Renowned for its outstanding supply chain, Walmart has suffered a string of bad publicity. Reports of excess inventory coupled with empty shelves have tainted the retail giant's reputation as a flawless executor of supply chain management. Walmart's inventory issues remind us past achievements are no guarantee for future success.
And based on a visit to my local Walmart, where empty shelves greeted customers in the middle of the holiday shopping rush, proves there's still a lot of work to be done before the blue-clad Walmart army will again "march in sync" as the new Walmart U.S. CEO Greg Foran put it.
That a company which has pieced together an information technology infrastructure larger than that of any other private company in the world still faces inventory issues provides a stark reminder of the fickleness of success. Resting on past achievements is not an option even when you are the top global retailer.
Keep in mind Walmart's logistical and operational triumphs have to a large extent been built on the successful implementation of technology to manage its mammoth operation of $32 billion in inventory and 11,000 stores worldwide. It was the unprecedented collaboration between manufacturers and Walmart's suppliers that made the company, despite its size, work like a single firm.
The retail giant early realized the importance of sharing information across the supply chain, creating a central database, Retail Link, which displays information as detailed as real-time sales data from Walmart cash registers. A collaborative planning, forecasting, and replenishment scheme enabled manufacturers and suppliers to synchronize their demand projections while staying connected through technology such as store-level point-of-sale systems.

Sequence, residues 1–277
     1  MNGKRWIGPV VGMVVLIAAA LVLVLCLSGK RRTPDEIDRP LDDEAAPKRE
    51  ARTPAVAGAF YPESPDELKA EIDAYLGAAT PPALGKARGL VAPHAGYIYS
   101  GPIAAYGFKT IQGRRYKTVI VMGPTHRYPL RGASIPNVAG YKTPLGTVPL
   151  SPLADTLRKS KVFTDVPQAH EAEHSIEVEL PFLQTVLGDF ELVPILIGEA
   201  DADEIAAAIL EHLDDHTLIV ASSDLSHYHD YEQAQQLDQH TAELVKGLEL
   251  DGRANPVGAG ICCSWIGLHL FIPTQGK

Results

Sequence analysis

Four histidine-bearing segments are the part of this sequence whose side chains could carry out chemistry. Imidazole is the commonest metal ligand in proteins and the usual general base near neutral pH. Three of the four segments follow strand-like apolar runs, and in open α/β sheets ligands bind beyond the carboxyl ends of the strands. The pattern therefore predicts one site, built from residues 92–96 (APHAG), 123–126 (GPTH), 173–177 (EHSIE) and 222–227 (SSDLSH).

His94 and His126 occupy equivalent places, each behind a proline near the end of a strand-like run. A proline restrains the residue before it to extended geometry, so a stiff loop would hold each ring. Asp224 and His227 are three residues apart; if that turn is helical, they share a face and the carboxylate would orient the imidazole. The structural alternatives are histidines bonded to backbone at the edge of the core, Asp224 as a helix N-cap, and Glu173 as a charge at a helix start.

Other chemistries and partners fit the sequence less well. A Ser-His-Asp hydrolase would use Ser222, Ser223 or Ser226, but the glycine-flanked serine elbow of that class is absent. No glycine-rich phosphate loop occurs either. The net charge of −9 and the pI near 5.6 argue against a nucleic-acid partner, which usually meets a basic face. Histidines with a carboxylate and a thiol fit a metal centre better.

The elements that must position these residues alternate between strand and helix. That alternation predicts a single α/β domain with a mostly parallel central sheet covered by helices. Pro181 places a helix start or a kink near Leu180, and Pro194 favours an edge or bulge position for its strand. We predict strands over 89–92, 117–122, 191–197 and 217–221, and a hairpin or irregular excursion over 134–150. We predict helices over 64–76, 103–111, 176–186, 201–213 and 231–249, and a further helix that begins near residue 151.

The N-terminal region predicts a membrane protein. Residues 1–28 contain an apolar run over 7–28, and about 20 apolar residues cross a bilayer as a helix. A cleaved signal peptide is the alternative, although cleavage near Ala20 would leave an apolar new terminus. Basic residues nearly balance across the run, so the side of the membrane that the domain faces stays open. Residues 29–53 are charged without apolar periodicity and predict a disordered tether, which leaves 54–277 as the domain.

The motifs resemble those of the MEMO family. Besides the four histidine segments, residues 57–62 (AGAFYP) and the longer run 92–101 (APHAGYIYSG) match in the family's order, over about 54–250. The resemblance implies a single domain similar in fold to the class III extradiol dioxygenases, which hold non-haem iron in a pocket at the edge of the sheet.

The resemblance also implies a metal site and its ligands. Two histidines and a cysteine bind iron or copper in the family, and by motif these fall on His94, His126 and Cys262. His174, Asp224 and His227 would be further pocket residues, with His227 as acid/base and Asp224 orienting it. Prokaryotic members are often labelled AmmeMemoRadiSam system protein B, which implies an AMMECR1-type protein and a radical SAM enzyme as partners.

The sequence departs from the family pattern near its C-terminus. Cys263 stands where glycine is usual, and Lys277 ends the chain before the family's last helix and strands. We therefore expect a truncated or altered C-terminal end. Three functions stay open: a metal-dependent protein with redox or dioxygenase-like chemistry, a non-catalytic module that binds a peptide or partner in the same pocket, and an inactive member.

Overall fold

Faced with the recent inventory debacle, Walmart once again seems determined to seek a large part of the answer in technology, rolling out a new system for replenishment and inventory control. The Global Replenishment System (GRS), a downward forecasting model, is the polar opposite of the forecasting engine that it is set to replace, Inforem, a bottom-up system developed by IBM. Designed to provide an improved real-time view of inventory, GRS also places added emphasis on promotional/event planning.
Foran said recently simplifying inventory management process actions will further address the fact that inventory has been growing at twice the rate of sales, causing SKU overload at local stores. There is no quick fix since the issue at hand is so complex.
An interesting observation in Forbes by retail analyst Paula Rosenblum identifies as the root problem "the tyranny of turn" or the "velocity of sales as a percentage of average inventory." Rosenblum argues the solution could be found in new RFID readers for wide-area monitoring combined with a few handheld devices to circumvent metal interference. The addition of payroll – Foran himself admits the company has "cut muscle instead of fat" – would also contribute to get the backrooms back in order.
Despite the negative news reports, Walmart is still one of the world's most efficient retailers. What do you think the company needs to do tackle the inventory issues?